greener pastures

   Atago   

Here is a summary of my life since March: moved to Japan for a new job at a multinational corporation. Hated the job. Left the job (and company housing) mid-June for an offer I couldn’t refuse. Lived out of a suitcase in an empty room in Tokyo for 1.5 months. Moved to Kyoto, where I’m writing to you from, right now.

Ceramics_Festival

It was skin-meltingly hot in Kyoto for the first half of August, so hot that I scratched handfuls of skin and blood onto the floor every other day (eczema, it’s awful) and started popping antihistamines just to get to sleep. Besides the actual itching, though, there’s been another itch of a less literal kind: a wordless restlessness, and a reluctance to clean up my room, which for two weeks looked like my suitcase had thrown up all over it. 

I’d been bouncing from place to place for the past year – from Malaysia to the States to Japan and all around again, mostly living out of a suitcase and in a perpetual state of anticipating the next time I’d be out on the road again. I didn’t even make it past 3 months at my first job (and if we’ve talked, you know how much I hated it) before diving into the next, and uprooting myself from Tokyo for a move out west. I’m not going to lie – it feels kind of weird, knowing that I’m definitely going to be in this place for the foreseeable future. It feels daunting to face building a life from scratch in a new place. 

Atago_4

Atago_3

Being settled somewhere, though, has some wonderful perks to it, one of which is having a kitchen and a fridge. An actual fridge! In a kitchen with cupboard space! To which I have contributed: a permanent supply of cold-brewed coffee (plus accompanying coffee grounds for composting), a container of Marcella Hazan’s tomato sauce, a Ziplock bag of vegetable scraps for stock, a kilogram of garlic, a container of bolognese sauce (very tasty, if I do say so myself), a soft ice cube tray, more seasonings and spices than I care to admit, a spice grinder, several large pots, many wooden spoons, a Microplane zester, scallion ends and carrot tops growing on the window sill. Let me tell you, as great as the food in Tokyo is, eating out almost every day for over a month really, really got to me (and my wallet). And there’s no faster way to feel at home than to break yourself in into the kitchen.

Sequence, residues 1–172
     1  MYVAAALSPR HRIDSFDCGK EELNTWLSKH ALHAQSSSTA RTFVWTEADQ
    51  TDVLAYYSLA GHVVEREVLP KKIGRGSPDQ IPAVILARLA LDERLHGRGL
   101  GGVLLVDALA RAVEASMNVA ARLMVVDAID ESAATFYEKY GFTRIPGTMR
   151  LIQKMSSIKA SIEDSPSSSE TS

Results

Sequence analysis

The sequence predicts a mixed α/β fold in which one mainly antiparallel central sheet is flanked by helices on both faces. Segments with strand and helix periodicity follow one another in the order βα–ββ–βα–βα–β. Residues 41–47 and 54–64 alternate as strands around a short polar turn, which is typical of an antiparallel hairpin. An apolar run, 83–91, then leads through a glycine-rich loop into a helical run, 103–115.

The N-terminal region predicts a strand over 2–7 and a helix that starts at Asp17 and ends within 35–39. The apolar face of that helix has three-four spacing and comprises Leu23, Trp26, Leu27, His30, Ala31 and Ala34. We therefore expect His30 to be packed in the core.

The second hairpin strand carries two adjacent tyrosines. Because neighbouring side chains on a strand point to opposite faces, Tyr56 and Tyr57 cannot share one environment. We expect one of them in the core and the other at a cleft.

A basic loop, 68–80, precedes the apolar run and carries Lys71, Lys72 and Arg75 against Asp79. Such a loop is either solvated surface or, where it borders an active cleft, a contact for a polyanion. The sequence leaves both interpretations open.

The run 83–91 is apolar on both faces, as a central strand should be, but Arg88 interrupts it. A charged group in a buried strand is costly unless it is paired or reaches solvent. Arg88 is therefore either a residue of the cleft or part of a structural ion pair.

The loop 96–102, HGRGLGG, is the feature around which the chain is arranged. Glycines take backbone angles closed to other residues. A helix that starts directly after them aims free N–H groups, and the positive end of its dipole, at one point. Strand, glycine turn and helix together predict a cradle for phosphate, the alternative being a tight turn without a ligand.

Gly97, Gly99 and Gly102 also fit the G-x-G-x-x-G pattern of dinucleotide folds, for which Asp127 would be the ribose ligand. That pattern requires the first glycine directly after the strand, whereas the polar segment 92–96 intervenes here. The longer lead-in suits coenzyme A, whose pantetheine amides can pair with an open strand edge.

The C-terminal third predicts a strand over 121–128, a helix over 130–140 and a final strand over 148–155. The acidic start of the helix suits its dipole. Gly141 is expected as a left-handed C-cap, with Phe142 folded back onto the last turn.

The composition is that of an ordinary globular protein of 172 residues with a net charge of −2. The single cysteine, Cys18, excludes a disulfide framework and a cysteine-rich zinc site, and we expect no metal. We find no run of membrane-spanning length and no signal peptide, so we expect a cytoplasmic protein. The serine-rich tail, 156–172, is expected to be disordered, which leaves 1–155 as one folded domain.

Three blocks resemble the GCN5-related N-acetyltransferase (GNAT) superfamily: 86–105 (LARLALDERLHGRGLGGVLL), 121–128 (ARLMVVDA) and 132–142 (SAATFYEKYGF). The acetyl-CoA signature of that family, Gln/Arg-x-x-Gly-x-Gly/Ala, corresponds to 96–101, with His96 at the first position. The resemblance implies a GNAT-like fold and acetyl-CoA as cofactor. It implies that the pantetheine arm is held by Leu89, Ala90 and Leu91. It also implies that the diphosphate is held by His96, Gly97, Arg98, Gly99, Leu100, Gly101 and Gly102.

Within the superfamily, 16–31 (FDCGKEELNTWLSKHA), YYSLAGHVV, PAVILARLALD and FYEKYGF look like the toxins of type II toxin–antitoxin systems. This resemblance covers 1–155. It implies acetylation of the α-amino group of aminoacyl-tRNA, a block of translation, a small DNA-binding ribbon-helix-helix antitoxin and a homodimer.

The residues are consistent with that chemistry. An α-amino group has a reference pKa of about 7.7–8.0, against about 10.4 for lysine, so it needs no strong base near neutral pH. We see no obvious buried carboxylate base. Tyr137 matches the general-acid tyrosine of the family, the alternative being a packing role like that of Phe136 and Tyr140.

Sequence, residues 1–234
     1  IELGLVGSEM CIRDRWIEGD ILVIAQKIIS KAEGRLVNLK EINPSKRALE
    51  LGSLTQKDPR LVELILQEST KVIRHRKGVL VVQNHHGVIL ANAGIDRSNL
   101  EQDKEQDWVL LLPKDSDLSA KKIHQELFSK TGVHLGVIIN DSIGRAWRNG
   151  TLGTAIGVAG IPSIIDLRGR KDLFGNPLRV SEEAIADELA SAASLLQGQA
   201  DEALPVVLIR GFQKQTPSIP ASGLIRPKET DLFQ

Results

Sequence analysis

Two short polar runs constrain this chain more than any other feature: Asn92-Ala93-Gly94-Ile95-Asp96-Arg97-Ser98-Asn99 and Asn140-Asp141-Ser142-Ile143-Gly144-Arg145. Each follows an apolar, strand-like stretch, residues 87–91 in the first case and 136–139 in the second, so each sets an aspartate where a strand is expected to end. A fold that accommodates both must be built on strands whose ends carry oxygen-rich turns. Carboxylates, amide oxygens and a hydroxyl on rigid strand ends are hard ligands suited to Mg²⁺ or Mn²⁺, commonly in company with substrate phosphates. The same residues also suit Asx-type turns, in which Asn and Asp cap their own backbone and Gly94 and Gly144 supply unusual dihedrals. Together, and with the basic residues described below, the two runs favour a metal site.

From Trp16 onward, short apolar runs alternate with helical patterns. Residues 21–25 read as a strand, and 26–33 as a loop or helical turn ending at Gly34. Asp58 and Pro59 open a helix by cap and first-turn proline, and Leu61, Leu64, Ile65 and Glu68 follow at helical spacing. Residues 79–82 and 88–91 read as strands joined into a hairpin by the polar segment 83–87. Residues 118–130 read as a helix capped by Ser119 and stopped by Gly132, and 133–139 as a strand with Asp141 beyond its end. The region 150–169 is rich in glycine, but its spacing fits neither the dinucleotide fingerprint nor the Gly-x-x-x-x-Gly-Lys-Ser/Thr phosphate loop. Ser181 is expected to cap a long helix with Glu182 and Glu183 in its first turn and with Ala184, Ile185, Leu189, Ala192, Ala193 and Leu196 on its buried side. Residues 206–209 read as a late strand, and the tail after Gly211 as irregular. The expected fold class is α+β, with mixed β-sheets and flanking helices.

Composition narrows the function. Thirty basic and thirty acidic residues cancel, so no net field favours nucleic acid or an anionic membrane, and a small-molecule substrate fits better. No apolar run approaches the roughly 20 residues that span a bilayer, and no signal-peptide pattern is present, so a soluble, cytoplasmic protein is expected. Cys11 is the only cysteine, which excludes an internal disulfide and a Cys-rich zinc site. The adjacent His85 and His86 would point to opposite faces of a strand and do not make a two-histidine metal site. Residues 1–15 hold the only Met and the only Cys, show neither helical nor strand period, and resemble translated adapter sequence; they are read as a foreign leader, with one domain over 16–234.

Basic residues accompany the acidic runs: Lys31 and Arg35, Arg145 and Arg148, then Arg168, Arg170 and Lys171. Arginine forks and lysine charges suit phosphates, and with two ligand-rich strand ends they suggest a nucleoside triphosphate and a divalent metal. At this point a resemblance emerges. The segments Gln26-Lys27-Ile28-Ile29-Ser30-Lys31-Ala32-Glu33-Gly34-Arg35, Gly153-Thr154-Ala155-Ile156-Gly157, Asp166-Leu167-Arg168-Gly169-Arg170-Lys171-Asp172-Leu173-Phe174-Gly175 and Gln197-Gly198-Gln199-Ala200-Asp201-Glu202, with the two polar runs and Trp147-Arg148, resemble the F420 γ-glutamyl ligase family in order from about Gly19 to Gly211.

Home_Garden

Ping

Another upside to living here in Kyoto – apart from the fact that it is a lovely old house in at the foot of a mountain, complete with an actual jungle garden – is getting to live with a friend. Someone to watch TV series with at night, who eats all the food I cook and cleans up afterwards, who knows more about kimonos than I ever will. Someone who squeaks when she plays the piano, who makes funny faces at over work in the mornings, who knows the best places in this city and takes me cycling along the river to find delicious salads downtown. Someone who takes me on a 4-hour hike at Mount Atago at an ungodly hour on a Sunday morning.* I got really, really lucky with this one. 

Atago_2

It’s taken a fortnight, but my room is starting to look a little less like a jungle, and the suitcase vomit now looks slightly more respectable than before. Speaking of not being on the move, though, funnily enough, I’ll be off to Hokkaido in a couple of days to hike through some mountains for 9 days or so. I say this as a non-hiker, and I’m dead nervous. But this time, I’ve got a more permanent fridge home to come back to.

See you soon. 

*That’s where most of the photos are from, here – it’s a beautiful place, although it’s better appreciated when you’re not panting like a dog. 

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This entry was published on August 17, 2015 at 9:11 am. It’s filed under Announcements, Japan, Kyoto and tagged , , , , , , , , . Bookmark the permalink. Follow any comments here with the RSS feed for this post.

4 thoughts on “greener pastures

  1. Louise on said:

    Hi, enjoyed your post, how do I follow your blog?

  2. Louise on said:

    I found out how. ( New to this so learning bit by bit.)

  3. I DON’T SQUEAK! xx

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